Politically-risky solutions to our housing woes: Today So Far
Washington state needs more housing, including affordable options, and ways to fit denser development in popular communities. But solutions to this need are not easy to come by, and could be politically risky for elected officials.
This post originally appeared in KUOW's Today So Far newsletter for Feb. 8, 2022.
On one hand: our region needs more housing and affordable options at that. On the other hand: new development can disrupt the vibe of a community that may have taken decades to establish. And the battleground for much of this debate is happening in Washington's single-family zones.
Take Edmonds, for example, where preserving single-family zoning has become a political issue. As one resident recently told KUOW's Joshua McNichols: "Yeah, sorry – I’m gonna be selfish. Part of the reason I moved here was because of the way it is now."
It's a situation where both perspectives could be a little correct. I fully understand what that person told Joshua — I too walk single family streets and marvel at the ambiance. I don't want that to go away either. But at the same time, I skeptically wonder if I'll ever live in one of those homes myself (in a region where people are dropping $500,000 cash over asking prices). A Renton-based real estate broker recently told KUOW that houses have dramatically jumped in value, and part of the problem is that there are mostly just single-family homes for sale (and at limited supply).
Is there a middle ground on this issue? That's currently being debated in Olympia, where a HB 1782 is working its way through committees. It aims to open up "middle housing" in traditionally single-family zones. This means duplexes, triplexes, and more. The goal is to create denser housing options which could be more affordable.
I can already hear the arguments emerging, so allow me to offer some food for thought. I'll reiterate my argument that if developers put some effort into the appearance of these dwellings (avoided eye sores sticking out from the cozy Northwest neighborhood ambiance), then maybe people wouldn't object to them so much. Just one idea. Take a walk through Bothell for some good examples.
Cities have design review boards that guide the aesthetic of a community, and they are often ignored. But it's here where decisions are made about that project next door. They're also a gateway into local design guidelines. These boards are why there are no overwhelmingly, brightly-lit store signs in downtown Winslow on Bainbridge Island. They're also how Leavenworth maintains its Bavarian appeal. Seattle has a design review board, too, that weighs in on multifamily and commercial buildings. I'm just going to leave that fact right there for you...
But back to HB 1782. It had a companion bill in the Senate that did not survive its committee this week, indicating that this issue will be hotly debated and that the House bill is likely to go through a lot of compromises. That negotiation will happen with lawmakers and local mayors, many of whom are hesitant to mess with their town's zoning codes. Despite an awareness of the need for more dense housing, supporting solutions like middle housing can be politically risky for elected officials, which is part of the reason why it's so hard to change rules around single-family zoning.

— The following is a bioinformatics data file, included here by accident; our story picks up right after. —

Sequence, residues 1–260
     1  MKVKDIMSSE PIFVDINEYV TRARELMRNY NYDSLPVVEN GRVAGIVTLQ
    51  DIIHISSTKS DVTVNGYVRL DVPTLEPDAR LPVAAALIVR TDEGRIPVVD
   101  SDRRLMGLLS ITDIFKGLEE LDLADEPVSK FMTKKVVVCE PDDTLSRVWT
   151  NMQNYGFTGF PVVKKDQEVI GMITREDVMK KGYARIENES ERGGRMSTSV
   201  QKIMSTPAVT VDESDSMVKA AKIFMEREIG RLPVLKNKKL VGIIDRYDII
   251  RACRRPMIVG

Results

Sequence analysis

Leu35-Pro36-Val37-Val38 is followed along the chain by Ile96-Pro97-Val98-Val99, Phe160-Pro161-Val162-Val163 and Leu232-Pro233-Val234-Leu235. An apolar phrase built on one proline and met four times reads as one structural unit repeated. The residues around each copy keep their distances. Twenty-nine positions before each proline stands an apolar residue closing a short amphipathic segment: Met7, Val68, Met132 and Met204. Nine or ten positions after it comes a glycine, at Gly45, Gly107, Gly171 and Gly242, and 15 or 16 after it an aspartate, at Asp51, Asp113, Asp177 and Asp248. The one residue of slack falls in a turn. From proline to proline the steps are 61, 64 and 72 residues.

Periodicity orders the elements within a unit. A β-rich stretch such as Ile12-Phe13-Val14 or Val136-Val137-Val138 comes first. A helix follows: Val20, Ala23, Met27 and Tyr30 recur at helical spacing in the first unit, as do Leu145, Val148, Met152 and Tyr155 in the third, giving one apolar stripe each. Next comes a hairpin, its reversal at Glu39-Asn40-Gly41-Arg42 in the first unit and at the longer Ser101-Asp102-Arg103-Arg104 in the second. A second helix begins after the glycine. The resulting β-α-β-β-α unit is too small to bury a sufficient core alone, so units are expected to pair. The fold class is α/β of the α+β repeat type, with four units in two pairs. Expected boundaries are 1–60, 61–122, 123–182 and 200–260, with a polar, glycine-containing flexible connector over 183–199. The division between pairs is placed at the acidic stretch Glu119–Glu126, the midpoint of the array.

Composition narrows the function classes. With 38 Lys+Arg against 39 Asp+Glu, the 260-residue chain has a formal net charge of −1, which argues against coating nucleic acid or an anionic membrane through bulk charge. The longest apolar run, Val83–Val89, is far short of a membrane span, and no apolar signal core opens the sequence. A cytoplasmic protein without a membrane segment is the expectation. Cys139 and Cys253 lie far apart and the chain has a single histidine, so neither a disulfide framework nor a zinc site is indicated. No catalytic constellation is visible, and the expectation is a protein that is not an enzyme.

KUOW's Joshua McNichols helped with reporting for today's newsletter.
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AS SEEN ON KUOW
Derrick Belgarde with the Chief Seattle Club shows off new housing units in Pioneer Square. The club's new housing can accommodate 96 people, most of whom are Native Americans and Alaska Natives who have been experiencing homelessness. An average rent is about $250, subsidized with private and government funding. (Amy Radil / KUOW)
DID YOU KNOW?
When Black History Month comes around, it's inevitable that someone will mention George Washington Carver. And for good reason — he's pretty freakin' awesome! And not because of peanut butter. It would be difficult to list the immense influence of this man, especially on our agricultural industry. Henry Ford even sought him out to help develop fuel for cars (Ford felt fossil fuels were not a good idea).
A lot of us grew up thinking Carver invented peanut butter (or maybe you saw that Eddie Murphy sketch on SNL). But Carver never actually invented it (indigenous peoples had figured out peanut butter a long time ago). His contributions are arguably much greater. His research found that continuous cotton farming had destroyed soil and lessened cotton yields. So he developed a method of crop rotation that used sweet potatoes, peanuts, and soybeans. That not only brought back U.S. cotton yields, but also gave the country a surplus of food, particularly peanuts and sweet potatoes. Because of that surplus, Carver invented everything from new flours to paint and writing ink. He developed more than 300 uses for peanuts that spanned food, commercial products, and medicines. And that's just one corner of his research.
Carver's profile was greatly raised through his scientific endeavors. He would eventually meet with Presidents Theodore Roosevelt, Calvin Coolidge, and FDR. The Prince of Sweden once came to study with him for three weeks. He even traveled to India to help discuss nutritional needs with Mahatma Gandhi. After he died, FDR signed legislation establishing a national monument for Carver, something that had only been done for presidents.
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